retired businessman reflects on entrepreneurial ventures
EMERSON Fernandes is a spritely, energetic gentleman who doesn’t look his age of 72 years and knows his way in the kitchen and was once a motor-racing champion, a hotelier and a restaurateur, who is now enjoying his retirement with family and friends.
He is a resident of Soesdyke Back Street, where there is a small road leading to his house and a few others, and in front of it there is a large plot of fenced land just before the public road.
Fernandes was at the time frying some fish,while preparing breakfast for his wife, who went to work since 03:00hrs that morning and got his daughter to drop off the meal for her.
He has lived all his life in Soesdyke Village and is well-known because he had a restaurant called “Emmers Hot Snacks,” just by the Cheddi Jagan International Airport (CJIA) but was forced to leave that thriving business when the authorities threatened to demolish his building.
That very building is still standing and has been renamed Kamo’s Bar, a popular ‘watering hole’ for pool players and just about anybody who is up for a cold beer or beverage.
His hotel was Quems Apartments at Timehri, and that business was closed when he could no longer pay his staffers and bills because of how things ended with his first love, the restaurant in which he had invested all his life savings.
“Speaking to you now about it has brought back a lot of sad memories because I did not want to be embarrassed when I was served a notice to move, so I packed up and sold the building for ‘little to nothing’ and left, a place I built from scratch so it is hard talking about how my businesses folded,” he said.
Fernandes explained that he came from humble beginnings and he started off as a vendor at the airport selling from a basket in 1985, and back then the airport police used to lock him up a lot for illegal vending.
He was fed up with the hassle and decided to get a van and started cooking and selling food to airport staffers and visitors.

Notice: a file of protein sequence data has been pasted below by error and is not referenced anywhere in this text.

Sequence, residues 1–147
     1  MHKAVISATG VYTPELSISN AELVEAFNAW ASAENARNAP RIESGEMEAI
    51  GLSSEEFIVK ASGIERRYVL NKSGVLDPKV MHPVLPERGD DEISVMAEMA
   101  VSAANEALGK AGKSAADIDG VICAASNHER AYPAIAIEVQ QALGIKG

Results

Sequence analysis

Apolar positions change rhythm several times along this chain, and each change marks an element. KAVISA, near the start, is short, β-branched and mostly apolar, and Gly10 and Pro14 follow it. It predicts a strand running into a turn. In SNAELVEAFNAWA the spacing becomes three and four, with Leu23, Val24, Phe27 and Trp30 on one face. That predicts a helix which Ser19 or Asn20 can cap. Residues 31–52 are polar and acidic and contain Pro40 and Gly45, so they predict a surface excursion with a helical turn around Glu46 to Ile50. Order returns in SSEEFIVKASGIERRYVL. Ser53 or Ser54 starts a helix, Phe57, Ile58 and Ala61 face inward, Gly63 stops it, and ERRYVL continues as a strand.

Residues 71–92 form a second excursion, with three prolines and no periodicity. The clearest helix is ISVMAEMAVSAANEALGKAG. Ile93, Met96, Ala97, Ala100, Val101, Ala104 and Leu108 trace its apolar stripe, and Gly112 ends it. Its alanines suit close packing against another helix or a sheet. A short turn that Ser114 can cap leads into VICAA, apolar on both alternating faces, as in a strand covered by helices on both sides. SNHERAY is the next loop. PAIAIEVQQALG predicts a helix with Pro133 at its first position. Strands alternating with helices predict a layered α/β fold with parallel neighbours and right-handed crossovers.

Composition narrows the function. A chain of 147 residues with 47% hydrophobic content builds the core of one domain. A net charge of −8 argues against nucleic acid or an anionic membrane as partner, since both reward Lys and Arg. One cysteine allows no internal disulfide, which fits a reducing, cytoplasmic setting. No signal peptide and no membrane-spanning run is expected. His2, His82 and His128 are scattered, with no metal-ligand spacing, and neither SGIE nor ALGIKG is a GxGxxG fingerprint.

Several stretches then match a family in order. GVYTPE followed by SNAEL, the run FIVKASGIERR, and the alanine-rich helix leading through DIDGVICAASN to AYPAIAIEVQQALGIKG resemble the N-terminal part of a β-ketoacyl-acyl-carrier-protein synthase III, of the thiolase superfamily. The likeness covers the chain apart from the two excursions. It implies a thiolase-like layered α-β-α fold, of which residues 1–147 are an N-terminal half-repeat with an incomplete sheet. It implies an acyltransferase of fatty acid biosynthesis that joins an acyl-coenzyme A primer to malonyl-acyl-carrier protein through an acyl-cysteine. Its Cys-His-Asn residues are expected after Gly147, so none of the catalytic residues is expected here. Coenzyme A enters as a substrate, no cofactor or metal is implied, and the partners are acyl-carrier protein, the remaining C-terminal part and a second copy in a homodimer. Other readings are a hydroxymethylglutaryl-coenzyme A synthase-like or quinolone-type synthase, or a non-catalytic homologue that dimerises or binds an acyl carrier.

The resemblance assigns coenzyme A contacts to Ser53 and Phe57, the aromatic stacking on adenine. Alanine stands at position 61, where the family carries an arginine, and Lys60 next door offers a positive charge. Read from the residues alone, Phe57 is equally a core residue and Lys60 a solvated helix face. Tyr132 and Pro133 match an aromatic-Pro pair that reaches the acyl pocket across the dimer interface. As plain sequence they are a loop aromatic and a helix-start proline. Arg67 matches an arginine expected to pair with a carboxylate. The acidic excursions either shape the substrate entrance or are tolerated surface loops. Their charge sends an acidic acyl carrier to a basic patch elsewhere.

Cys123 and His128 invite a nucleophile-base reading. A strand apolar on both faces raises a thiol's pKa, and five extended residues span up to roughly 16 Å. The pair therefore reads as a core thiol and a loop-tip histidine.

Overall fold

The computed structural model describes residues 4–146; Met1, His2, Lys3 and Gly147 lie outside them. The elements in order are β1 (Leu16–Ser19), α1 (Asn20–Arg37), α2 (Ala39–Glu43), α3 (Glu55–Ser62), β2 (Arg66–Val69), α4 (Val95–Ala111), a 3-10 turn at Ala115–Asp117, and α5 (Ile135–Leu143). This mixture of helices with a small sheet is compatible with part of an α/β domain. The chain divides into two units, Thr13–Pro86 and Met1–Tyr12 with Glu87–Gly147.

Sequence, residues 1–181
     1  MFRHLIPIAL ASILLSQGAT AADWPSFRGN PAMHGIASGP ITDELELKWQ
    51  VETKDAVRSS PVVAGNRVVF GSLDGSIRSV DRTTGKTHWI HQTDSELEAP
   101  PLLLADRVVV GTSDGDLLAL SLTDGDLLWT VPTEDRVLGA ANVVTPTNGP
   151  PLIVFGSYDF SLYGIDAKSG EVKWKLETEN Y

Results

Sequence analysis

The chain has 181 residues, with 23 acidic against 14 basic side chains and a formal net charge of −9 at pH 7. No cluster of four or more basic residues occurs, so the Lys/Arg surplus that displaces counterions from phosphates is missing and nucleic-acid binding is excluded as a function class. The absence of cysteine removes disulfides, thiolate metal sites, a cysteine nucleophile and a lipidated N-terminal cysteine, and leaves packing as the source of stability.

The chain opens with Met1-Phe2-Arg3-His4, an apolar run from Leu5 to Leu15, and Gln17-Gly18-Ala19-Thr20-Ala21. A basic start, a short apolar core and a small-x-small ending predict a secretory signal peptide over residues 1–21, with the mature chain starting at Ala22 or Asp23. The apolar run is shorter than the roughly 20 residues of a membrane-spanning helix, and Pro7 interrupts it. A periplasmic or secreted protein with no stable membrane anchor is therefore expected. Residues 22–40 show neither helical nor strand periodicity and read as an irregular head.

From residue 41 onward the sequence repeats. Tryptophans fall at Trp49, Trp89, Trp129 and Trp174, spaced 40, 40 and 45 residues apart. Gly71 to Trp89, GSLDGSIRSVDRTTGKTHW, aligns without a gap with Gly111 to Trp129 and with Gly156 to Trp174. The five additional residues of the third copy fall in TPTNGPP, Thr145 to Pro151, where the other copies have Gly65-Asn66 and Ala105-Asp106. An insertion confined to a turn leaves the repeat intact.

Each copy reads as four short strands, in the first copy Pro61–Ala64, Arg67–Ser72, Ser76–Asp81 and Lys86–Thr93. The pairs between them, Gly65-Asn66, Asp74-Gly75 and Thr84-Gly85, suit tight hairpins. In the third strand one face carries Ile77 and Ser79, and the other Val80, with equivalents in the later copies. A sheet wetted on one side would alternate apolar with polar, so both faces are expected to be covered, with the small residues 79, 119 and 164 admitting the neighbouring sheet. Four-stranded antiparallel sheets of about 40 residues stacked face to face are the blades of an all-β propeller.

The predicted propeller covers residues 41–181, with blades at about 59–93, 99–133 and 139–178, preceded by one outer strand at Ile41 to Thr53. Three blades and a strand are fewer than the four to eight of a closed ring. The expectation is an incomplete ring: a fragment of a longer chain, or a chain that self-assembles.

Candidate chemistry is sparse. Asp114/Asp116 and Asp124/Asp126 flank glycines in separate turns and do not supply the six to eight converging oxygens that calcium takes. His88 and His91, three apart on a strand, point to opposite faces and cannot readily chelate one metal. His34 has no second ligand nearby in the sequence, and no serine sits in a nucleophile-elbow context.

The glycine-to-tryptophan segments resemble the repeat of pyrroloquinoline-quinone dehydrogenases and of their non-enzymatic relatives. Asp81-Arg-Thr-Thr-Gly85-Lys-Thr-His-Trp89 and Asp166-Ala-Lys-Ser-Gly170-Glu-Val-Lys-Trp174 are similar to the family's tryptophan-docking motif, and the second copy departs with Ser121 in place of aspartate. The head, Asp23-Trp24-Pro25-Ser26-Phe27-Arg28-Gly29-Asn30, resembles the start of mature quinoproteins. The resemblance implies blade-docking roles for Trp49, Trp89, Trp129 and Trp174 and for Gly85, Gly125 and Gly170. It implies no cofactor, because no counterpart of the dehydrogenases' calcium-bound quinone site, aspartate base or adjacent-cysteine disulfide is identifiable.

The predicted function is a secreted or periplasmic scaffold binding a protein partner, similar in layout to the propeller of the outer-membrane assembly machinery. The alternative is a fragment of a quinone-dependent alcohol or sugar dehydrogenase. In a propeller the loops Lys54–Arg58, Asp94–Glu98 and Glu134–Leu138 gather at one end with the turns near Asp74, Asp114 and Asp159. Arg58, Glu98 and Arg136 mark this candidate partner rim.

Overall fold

However, just as his small food business was taking off, he was kicked off the airport property by the authorities.
So he was left scratching his head and then had a ‘light bulb’ moment when he spotted a spot just north of the perimeter fence of the airport which was vacant and overgrown by thick bushes.
He decided to prepare and clear that land and constructed a restaurant,out of which he operated his food business and provided employment for 23 employees, all of whom he had to send home.
“I knew it was squatting land but I took a chance to make an honest living and look what happened to me, I lost it all,” he said.
However, he explained that that building was never destroyed and is still there today, but it is a hangout spot, a bar with a pool table.
He stated that his hotel also did catering for airport and Berbice customers, but when the Berbice River Bridge was built, his business took a downward spiral and he suffered financially and could not sustain that business.
With his heart in his hands, Fernandes was again faced with a difficult decision and had to sell that apartment building and cut his losses.
As a guy who likes entertaining and cooking, he has constructed a small bar in his yard, a place where he would have friends over in a bar setting and prepare cutters to go with their drinks.
He would also have cook-outs and invite neighbours for a game of dominoes.
“Cooking and restaurant business is etched in my veins and is something I cannot part with, it is a part of me and I would still do small catering for some people and when I have friends over, I do the same,” he said.
Looking back to those days when his food business was thriving, it brought back a flood of memories and he wished things had ended differently, but it is what it is.
Fernandes added that food and hospitality business were his life, but these days it makes no sense crying over spilt milk, so he is enjoying what is left of his golden years as a pensioner.
He is well-known as “Emmers” and that name still stands and he has a lot of stories to tell his grandchildren and great-grandchildren.
Fernandes was also a champion car racer, who won many races among his peers in his younger days at the South Dakota Racing Circuit in the 1980s and was also featured in the Guyana Chronicle.